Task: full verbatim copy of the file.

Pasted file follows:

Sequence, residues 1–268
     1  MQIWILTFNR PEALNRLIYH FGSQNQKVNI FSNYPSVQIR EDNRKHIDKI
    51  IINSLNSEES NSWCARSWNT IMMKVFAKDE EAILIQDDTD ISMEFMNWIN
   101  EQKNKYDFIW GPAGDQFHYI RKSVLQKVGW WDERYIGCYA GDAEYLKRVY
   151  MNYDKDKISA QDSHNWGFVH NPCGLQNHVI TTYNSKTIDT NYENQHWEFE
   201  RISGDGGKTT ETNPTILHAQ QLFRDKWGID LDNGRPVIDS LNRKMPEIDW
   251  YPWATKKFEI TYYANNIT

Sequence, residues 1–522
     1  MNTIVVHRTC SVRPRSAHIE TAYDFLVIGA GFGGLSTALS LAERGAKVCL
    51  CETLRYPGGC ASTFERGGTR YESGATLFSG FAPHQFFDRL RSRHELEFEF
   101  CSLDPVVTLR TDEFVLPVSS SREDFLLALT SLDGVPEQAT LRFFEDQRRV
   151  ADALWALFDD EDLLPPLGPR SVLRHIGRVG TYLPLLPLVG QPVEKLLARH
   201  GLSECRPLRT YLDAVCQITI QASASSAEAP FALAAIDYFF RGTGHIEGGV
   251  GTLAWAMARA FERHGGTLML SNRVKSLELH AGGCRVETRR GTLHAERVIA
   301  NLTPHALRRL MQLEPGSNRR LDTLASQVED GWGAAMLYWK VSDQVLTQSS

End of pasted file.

Sequence, residues 1–268
     1  MQIWILTFNR PEALNRLIYH FGSQNQKVNI FSNYPSVQIR EDNRKHIDKI
    51  IINSLNSEES NSWCARSWNT IMMKVFAKDE EAILIQDDTD ISMEFMNWIN
   101  EQKNKYDFIW GPAGDQFHYI RKSVLQKVGW WDERYIGCYA GDAEYLKRVY
   151  MNYDKDKISA QDSHNWGFVH NPCGLQNHVI TTYNSKTIDT NYENQHWEFE
   201  RISGDGGKTT ETNPTILHAQ QLFRDKWGID LDNGRPVIDS LNRKMPEIDW
   251  YPWATKKFEI TYYANNIT

Sequence, residues 1–522
     1  MNTIVVHRTC SVRPRSAHIE TAYDFLVIGA GFGGLSTALS LAERGAKVCL
    51  CETLRYPGGC ASTFERGGTR YESGATLFSG FAPHQFFDRL RSRHELEFEF
   101  CSLDPVVTLR TDEFVLPVSS SREDFLLALT SLDGVPEQAT LRFFEDQRRV
   151  ADALWALFDD EDLLPPLGPR SVLRHIGRVG TYLPLLPLVG QPVEKLLARH
   201  GLSECRPLRT YLDAVCQITI QASASSAEAP FALAAIDYFF RGTGHIEGGV
   251  GTLAWAMARA FERHGGTLML SNRVKSLELH AGGCRVETRR GTLHAERVIA
   301  NLTPHALRRL MQLEPGSNRR LDTLASQVED GWGAAMLYWK VSDQVLTQSS